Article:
WASHINGTON (Reuters) - Janet Yellen came a step closer to final approval as the Federal Reserve’s next chair after the U.S. Senate set a Monday vote on President Barack Obama’s choice to succeed Ben Bernanke.
The Senate is expected to vote at around 5:30 p.m. EST Monday on Yellen, according to a Senate Democratic leadership aide.
Yellen, who would become the first woman to chair the U.S. central bank, would take the reins on February 1, one day after Bernanke ends a two-term stint during which he reached deep into the Fed’s monetary toolbox to try to revive an economy hit by a massive financial crisis that sent it into the worst downturn in decades.
Yellen has been deeply involved in the decisions to press the Fed into uncharted monetary policy waters, as the Fed’s vice chair since 2010 and before that as chief of the San Francisco Fed.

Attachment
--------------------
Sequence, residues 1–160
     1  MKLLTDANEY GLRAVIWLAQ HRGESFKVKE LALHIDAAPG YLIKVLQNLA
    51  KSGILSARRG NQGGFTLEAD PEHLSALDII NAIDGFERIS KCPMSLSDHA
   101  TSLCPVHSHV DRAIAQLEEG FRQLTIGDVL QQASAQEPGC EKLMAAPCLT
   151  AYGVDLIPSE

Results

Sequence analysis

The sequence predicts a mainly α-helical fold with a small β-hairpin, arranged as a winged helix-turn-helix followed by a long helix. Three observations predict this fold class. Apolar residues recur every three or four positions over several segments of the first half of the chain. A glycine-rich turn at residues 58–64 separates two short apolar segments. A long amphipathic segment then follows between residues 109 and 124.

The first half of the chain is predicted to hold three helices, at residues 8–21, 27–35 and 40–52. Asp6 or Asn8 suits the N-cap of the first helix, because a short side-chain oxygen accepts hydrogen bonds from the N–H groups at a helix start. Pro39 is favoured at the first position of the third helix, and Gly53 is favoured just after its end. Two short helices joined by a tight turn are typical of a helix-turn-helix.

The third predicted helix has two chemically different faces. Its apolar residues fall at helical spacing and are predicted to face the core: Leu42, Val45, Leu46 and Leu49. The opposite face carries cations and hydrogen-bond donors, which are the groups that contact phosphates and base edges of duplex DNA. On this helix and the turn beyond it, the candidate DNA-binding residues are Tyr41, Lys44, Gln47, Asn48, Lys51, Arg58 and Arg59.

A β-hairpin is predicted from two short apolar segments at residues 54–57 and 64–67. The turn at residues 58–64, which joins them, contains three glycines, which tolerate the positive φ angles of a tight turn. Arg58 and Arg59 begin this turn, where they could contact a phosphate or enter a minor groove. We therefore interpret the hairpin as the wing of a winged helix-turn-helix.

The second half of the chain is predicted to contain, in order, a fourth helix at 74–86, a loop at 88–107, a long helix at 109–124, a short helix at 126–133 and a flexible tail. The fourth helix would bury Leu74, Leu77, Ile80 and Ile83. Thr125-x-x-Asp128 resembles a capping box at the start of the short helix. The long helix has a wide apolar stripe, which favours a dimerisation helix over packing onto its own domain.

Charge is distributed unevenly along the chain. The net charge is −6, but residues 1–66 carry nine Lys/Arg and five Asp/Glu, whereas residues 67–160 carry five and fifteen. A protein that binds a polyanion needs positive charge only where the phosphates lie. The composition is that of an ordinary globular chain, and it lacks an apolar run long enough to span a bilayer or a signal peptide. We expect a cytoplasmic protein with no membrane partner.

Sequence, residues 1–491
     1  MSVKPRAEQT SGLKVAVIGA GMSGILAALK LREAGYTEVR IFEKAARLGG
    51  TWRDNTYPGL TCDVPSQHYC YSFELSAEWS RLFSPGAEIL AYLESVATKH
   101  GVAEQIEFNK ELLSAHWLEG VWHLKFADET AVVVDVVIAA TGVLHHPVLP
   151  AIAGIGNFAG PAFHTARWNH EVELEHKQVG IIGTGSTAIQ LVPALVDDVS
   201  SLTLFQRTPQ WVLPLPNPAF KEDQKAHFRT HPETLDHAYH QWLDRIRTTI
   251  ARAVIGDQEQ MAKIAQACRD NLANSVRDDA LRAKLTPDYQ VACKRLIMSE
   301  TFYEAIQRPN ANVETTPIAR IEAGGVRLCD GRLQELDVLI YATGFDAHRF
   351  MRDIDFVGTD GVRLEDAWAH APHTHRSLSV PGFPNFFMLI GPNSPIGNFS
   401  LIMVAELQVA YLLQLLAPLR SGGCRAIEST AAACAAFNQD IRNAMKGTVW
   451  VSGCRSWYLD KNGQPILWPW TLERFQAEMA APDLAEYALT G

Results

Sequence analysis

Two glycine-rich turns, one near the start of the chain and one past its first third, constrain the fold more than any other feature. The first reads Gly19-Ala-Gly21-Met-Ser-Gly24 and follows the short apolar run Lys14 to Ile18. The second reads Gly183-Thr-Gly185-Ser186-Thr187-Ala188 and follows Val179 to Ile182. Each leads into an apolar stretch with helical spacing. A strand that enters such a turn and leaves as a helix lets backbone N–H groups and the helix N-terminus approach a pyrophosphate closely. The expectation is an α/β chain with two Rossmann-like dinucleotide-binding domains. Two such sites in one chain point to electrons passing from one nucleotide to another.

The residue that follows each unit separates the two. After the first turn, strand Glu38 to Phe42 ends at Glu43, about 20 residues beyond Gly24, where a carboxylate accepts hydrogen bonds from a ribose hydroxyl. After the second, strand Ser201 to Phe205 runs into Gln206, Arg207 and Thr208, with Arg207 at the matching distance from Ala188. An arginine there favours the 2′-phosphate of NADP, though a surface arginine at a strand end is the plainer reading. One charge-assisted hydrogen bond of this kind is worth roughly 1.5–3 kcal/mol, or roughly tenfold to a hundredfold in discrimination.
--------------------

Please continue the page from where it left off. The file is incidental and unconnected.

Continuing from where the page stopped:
As she steps into her new role, her biggest challenge will likely be to begin to pare back the Fed’s crisis-era stimulus. The bank took a first step in that direction last month when policymakers voted to pare its massive bond-buying stimulus program to $75 billion a month from $85 billion.
The Senate on December 20 voted 59-34 to move forward with Yellen’s nomination, indicating she had enough support to win confirmation.
Bernanke’s second four-year term expires on January 31.
Reporting by Richard Cowan; Additional reporting by Ann Saphir in San Francisco; Editing by James Dalgleish